Pick PHP Requirements for Packages Responsibly

Posted: 2013-03-23
Category: PHP

I recently tweeted something which seems to have confused a lot of people:

Now, don't go running off to PETA, I'm clearing kidding about the pets, but people seemed confused by the main gist of this point: If you're going to release a package (a Composer package for example) as PHP 5.4, then make sure it is worth it.

When I say "make sure it is worth it" I mean, don't just switch your arrays from array() to [] just because it looks cool. That was the extent of my original tweet, because I've seen a few packages doing that and it annoyed me immensely. This conversation became confused quickly with people assuming that everyone on Composer is PHP 5.4 because only smart cool kids use Composer (which is weird, elitist, ignores those that use composer locally but deploy to PHP 5.3 servers and according to stats from Jordi isn't true anyway), other people started wanging on about how WordPress should move to PHP 5.3 which would make companies upgrade somehow (but that ignores the fact that PHP 5.4 packages would still be out of reach) and there were about 30 other conversations going on, all spawned out of the tweet which was making one very specific point...

Suffice it to say, if you require a user to upgrade their version of PHP simply so you can use some syntactical sugar inside a package that nobody else is even going to be looking at, then you're an idiot. Beyond that, you're actually hurting the community.

If every time a developer wants to use a package they're forced to build their own because the developer of the original stupidly decided to use PHP 5.4 when only 3.1% of the internet is using that version, then we're doubling up on efforts to build useful, reusable components that we can all share.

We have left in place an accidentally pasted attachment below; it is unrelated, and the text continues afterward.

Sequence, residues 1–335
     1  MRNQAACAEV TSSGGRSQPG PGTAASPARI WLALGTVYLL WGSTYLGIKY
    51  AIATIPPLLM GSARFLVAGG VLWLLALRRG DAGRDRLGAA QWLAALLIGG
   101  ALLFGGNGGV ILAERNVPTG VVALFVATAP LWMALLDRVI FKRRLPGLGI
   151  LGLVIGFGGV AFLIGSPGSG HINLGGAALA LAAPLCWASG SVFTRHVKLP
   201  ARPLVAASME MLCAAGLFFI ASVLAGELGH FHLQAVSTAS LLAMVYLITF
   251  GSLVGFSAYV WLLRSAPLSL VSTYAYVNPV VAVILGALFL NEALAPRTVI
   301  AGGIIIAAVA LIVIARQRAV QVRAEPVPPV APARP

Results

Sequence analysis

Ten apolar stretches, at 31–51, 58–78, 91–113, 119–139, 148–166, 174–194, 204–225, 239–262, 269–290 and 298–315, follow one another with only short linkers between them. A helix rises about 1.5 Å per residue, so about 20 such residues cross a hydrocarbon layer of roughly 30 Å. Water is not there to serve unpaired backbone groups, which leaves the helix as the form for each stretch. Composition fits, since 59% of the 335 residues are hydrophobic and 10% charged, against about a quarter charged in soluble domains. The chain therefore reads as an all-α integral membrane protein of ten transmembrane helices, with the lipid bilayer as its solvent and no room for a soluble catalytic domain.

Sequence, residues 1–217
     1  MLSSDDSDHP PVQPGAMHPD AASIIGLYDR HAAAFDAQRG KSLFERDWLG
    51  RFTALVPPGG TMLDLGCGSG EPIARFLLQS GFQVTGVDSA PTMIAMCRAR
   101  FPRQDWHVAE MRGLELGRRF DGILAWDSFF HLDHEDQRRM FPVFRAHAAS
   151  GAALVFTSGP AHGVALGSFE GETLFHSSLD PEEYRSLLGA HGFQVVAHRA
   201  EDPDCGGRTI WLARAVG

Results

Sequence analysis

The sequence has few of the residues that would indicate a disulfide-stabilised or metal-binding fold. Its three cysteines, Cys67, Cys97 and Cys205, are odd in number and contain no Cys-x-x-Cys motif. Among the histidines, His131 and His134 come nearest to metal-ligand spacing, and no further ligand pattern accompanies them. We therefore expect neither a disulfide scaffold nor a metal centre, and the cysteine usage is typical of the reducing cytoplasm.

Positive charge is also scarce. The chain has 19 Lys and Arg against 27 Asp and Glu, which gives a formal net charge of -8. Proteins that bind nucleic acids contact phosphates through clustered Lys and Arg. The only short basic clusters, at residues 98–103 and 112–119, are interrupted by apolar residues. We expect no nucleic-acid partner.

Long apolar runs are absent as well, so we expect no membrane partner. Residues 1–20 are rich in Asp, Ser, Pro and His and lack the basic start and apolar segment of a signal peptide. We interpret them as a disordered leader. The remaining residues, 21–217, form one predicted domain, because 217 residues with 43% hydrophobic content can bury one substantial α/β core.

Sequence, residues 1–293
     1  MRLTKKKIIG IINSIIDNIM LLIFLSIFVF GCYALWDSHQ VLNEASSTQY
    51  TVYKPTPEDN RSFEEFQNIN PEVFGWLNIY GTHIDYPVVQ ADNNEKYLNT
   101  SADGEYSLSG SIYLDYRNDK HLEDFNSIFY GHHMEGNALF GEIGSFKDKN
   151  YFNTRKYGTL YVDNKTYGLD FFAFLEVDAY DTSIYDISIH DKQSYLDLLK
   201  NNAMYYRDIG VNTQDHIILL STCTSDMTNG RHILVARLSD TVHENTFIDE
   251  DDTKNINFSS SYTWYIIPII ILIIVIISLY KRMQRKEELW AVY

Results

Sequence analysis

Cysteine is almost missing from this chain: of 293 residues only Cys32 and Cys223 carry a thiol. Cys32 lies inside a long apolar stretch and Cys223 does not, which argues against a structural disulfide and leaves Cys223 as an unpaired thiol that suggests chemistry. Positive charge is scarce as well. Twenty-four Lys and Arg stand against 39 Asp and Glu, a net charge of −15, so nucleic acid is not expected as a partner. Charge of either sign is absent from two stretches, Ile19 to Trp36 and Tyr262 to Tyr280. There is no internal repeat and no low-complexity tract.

PHP 5.4 is more than just []

There are lots of brilliant new features in PHP 5.4 that could make a developer wish to pick PHP 5.4 over PHP 5.3 for a package they build.

Just look at the "New Features" change-log:

  • Support for traits has been added.
  • Function array dereferencing has been added, e.g. foo()[0* ].
  • Closures now support $this.
  • Class member access on instantiation has been added, e.g.* (new Foo)->bar().
  • Class::{expr}() syntax is now supported.
  • Binary number format has been added, e.g. 0b001001101.
  • The session extension can now track the upload progress of files.

Most of this is traits and dereferencing, which a lot of developers love. If you plan on making heavy use of features like this, such projects like AuraPHP then great, that's a wonderful decision. We need people building components at the bleeding edge, and we need people building PHP 5.4 specific code that really shows people how to do it, but does the next package you release need to be PHP 5.4?

If you're just using traits, then make sure those traits are optional. If you're dereferencing then… well do you need to? It's an extra line of code to avoid it, and instead of making your package compatible with only 3.1% of PHP-based websites you could make it work with over 50.4%. That is the entire point of sharing code right, to actually be able to share it with people?

"But I use PHP 5.4 for all my projects"

Yes, you do, but think about other people for a minute. At Kapture we use PHP 5.4 on any PHP-based application, and I already have a PHP 5.5 branch of the API ready to go and passing tests so that as soon as PHP 5.5.0 comes out I'll be upgrading. I can do what I like, because I control the servers, but what about other people?

And not even other people, other projects?

PyroCMS for example, a few months back decided to up the requirements for the next version from PHP 5.2 to PHP 5.3. This might be seen as slow moving, but lets remember that WordPress won't be upping the requirements until 2014 sometime.